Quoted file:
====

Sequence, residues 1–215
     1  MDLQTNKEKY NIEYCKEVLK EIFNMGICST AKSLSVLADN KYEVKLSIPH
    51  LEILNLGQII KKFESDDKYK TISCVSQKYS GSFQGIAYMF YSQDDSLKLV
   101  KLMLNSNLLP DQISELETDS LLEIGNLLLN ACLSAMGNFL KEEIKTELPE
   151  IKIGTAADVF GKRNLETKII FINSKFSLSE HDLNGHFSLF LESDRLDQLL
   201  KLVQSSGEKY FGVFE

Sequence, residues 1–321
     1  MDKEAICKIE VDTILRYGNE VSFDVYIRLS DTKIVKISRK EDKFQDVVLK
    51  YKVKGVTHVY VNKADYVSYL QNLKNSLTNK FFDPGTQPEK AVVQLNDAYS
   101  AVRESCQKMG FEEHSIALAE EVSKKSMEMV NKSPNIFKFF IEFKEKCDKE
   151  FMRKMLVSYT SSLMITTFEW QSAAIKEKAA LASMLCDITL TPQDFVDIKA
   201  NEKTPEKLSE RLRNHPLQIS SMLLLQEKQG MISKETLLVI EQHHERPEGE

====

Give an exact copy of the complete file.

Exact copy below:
Sequence, residues 1–215
     1  MDLQTNKEKY NIEYCKEVLK EIFNMGICST AKSLSVLADN KYEVKLSIPH
    51  LEILNLGQII KKFESDDKYK TISCVSQKYS GSFQGIAYMF YSQDDSLKLV
   101  KLMLNSNLLP DQISELETDS LLEIGNLLLN ACLSAMGNFL KEEIKTELPE
   151  IKIGTAADVF GKRNLETKII FINSKFSLSE HDLNGHFSLF LESDRLDQLL
   201  KLVQSSGEKY FGVFE

Sequence, residues 1–321
     1  MDKEAICKIE VDTILRYGNE VSFDVYIRLS DTKIVKISRK EDKFQDVVLK
    51  YKVKGVTHVY VNKADYVSYL QNLKNSLTNK FFDPGTQPEK AVVQLNDAYS
   101  AVRESCQKMG FEEHSIALAE EVSKKSMEMV NKSPNIFKFF IEFKEKCDKE
   151  FMRKMLVSYT SSLMITTFEW QSAAIKEKAA LASMLCDITL TPQDFVDIKA
   201  NEKTPEKLSE RLRNHPLQIS SMLLLQEKQG MISKETLLVI EQHHERPEGE